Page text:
The latest scuttlebutt in the ‘will he/won’t he’ drama surrounding New Jersey Gov. Chris Christie’s Feb. 7 deadline to sign the state’s online gambling legislation comes from Global Gaming Business publisher Roger Gros, whose sources told him Christie was leaning toward a ‘conditional veto’ of the bill. That would allow Christie to claim objections to specific parts of the bill and send it back to the legislature for amending. NorthJersey.com’s John Brennan speculated that the full-spectrum gaming approach of the bill would be where Christie would make his stand; the solution being for the legislature to amend the bill to poker-only, similar to legislation passed in Nevada.
As Christie hems and haws, critics are getting bolder with their accusations that Christie is failing in his stated goal to revitalize Atlantic City’s struggling casino industry. On Thursday, Bob McDevitt, president of the local casino workers union, called on Christie to approve the online gambling bill to preserve “more than 3,000 jobs.” McDevitt released a statement saying the extra revenue from online gaming “could make the difference between two or more casinos staying open or closing.”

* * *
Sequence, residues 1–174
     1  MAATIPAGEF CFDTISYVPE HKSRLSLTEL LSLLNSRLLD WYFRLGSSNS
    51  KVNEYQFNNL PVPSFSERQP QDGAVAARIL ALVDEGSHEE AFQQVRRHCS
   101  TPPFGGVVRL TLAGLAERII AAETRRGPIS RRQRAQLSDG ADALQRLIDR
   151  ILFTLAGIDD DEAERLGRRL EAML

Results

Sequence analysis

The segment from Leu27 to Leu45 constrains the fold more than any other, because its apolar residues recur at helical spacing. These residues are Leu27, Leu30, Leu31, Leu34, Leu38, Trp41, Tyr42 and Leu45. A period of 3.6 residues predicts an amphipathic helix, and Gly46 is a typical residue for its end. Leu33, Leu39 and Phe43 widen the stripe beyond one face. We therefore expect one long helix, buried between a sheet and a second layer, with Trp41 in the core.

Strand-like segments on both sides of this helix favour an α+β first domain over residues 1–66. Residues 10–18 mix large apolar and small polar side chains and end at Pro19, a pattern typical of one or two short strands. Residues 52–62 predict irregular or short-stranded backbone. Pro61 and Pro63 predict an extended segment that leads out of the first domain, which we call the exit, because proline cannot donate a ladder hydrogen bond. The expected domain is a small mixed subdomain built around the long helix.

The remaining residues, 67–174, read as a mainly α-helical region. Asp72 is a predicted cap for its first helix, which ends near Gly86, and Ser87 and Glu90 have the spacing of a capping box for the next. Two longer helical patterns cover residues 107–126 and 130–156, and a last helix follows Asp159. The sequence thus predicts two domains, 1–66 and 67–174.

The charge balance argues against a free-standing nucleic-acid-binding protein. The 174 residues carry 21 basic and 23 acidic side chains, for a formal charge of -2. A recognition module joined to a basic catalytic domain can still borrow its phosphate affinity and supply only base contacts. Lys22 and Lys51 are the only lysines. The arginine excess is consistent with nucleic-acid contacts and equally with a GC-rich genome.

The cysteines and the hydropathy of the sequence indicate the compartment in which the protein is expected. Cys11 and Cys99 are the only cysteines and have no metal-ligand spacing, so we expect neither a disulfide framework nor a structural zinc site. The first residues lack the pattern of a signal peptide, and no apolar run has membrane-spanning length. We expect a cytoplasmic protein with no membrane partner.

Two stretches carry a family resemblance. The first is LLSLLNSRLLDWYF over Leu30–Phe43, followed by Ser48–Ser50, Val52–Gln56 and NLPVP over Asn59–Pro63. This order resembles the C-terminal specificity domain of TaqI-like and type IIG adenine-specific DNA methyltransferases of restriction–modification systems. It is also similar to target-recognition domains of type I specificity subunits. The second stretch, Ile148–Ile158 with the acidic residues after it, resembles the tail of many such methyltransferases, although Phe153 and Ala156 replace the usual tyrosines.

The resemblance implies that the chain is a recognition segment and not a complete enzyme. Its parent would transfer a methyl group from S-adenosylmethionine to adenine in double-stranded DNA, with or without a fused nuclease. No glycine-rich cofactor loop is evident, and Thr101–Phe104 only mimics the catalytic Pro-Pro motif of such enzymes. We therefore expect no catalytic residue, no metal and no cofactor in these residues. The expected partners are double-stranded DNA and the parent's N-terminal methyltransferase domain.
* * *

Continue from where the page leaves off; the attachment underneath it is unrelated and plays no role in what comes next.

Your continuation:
But not all voices are supporting the online gaming bill. Poker Players Alliance exec director John Pappas met with Christie staffers on Tuesday, and PokerNews reported that one staffer told Pappas the number of anti-gambling phone calls coming into Christie’s office was triple that of the pro-gambling side. Pappas said he was skeptical about this disparity, but with only a week to go until the deadline, Pappas urged the PPA’s New Jersey resident members to call the governor’s office to make sure their voice is heard.
It’s widely assumed that online poker giant PokerStars’ bid to acquire the Atlantic Club casino-hotel – whose 1,729 employees are facing layoffs if the deal doesn’t go through – is predicated on the bill receiving Christie’s okay. (On Tuesday, Roger Gros offered this enigmatic tweet: “Today, I put together an Atlantic City casino company and a possible internet gaming buyer. PokerStars buy of the A Club is just the start.”)
PokerStars would presumably be content if Christie were to insist on a poker-only option, so the casino acquisition is likely to proceed either way, assuming Stars gets the nod from the New Jersey Division of Gaming Enforcement. I. Nelson Rose, noted gaming lawyer and author of Gaming Law In A Nutshell, told BuzzFeed he thinks the odds of PokerStars getting a New Jersey gaming license “are very good. Stars has been smart and lucky, and history is on their side. Thirty years ago, I would have said that nobody involved with illegal gambling could get a casino license. Now everybody seems to think that if enough time has passed and you change your executives, then it’s okay.”